Teething for beginners: what you need to know

Kinderling News & Features

Often teething is just as painful for the parent as it is the baby. First time around it often doesn’t click that all their drooling, crying and discomfort might be a sign of new pearly whites. 

So how can we be more prepared as parents for the emersion of chompers? Paediatric dentist Dr Philippa Sawyer has all the answers you need. 

How can you tell teeth are on their way? 

"One of the first signs is that they're going to be dribbling more, so there's that increased sensitivity of the mouth and putting lots of things into their mouth," Philippa says. "Along with that goes bacteria." 

If tots are putting lots of different toys in their mouth that have been touched by many others, they could pick up infections. So while parents often associate fevers with teething, it's not actually a symptom of teething but of another illness. It's not that we need to disinfect everything in their environment, but it’s something to be aware of. 

Philippa says pulling ears, drooling and pain are all directly associated indicators to look for. 

Listen to Philippa on Kinderling Conversation:

When can we see teeth coming through? 

Some children are born with toothy-pegs or get them in the first few months of their life. Others don’t get them until they're 18 months, so there’s a huge variation. 

"It's not one size fits all. Every single child is developing at a different rate," says Philippa. 

Teething hurts! How can I make my child comfortable? 

Extra time

Give extra comfort to your child during painful periods; extra cuddles, quiet time, and book reading. 

Cold teething rings

Don’t give them frozen rings, keep them in the refrigerator instead or even just give them a cold washer for their gums. 

Toothbrush

Giving them a toothbrush to chew is great; they can have a really good chomp on it (but you want to actually clean the teeth with another brush). 

"I would advise all parents to have two toothbrushes, the one they use to brush their teeth that [the parents] hold in their hand, and the one the child has to mess around with," Philippa suggests. 

To sterilise toothbrushes, use a solution you use for sterilising milk bottles. Soak overnight, so it kills any germs. 

Rub their gums

"They really like you rubbing their gums, so just [that] is often enough to help them through a difficult period," Philippa says. 

Edible chewing sticks for teething

Philippa prefers more natural alternatives to the store-bought chewing sticks. 

"One of the biggest concerns [about teething biscuits] is what's in them, because it'ss a processed type food and they can have a sugar component" she says. "They are around the mouth for a very long period of time so the longer something is in the mouth, the more chance the bacteria can actually use whatever is in it."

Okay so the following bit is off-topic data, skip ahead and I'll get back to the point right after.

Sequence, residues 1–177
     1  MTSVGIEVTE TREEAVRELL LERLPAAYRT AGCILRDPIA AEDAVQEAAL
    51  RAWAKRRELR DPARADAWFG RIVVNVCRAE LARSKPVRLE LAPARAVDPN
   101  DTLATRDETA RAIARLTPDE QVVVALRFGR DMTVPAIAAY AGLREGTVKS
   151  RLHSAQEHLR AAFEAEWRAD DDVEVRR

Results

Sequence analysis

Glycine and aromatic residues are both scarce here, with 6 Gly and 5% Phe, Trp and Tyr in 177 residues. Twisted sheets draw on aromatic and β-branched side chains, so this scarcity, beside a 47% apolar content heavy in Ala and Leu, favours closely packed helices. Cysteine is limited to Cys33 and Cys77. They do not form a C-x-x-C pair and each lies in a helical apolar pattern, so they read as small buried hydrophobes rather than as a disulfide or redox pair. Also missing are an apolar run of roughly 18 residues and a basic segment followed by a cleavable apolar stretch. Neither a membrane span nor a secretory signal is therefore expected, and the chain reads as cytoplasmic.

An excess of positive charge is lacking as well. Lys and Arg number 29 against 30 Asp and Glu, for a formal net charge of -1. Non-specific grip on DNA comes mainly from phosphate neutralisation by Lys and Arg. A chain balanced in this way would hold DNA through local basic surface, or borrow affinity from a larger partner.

"Giving kids things like carrot or celery sticks, is probably something they can enjoy just as much." Partially cooked apple is another natural option that doesn’t break off in fragments. 

Their gums looks blue and inflamed, what's wrong? 

Before the eruption of a tooth it's quite common to have an eruption cyst. 

"You can get an area overlying the tooth before it comes through that's a purplish blue colour and that's usually a painless cyst, a fluid-filled bag basically, that’s over the top of the tooth," Philippa explains. "When the tooth erupts, that bag bursts and all that fluid is lost. It's generally painless… we rarely have to treat them with anything."

"It scares a lot of people and it can look at bit angry and frightening but it is something we see quite frequently."

Should we visit the dentist straight away? 

The recommendation from the Australian Dentist Association is to make an appointment with a dentist by the child's first birthday. That way, if there are no teeth by then it’s a perfect time to discuss any worries with a professional. If they've got a tooth at six months, then they probably need to see a dental professional a bit earlier. 

"Yearly visits at that age and stage is a good idea to get an instalment of what's going to happen in the next 12 months and the dentist is then able to keep an eye on the growth and development of the child," Philippa says. "It's an opportunity at that age to avoid decay in children in that second year of life."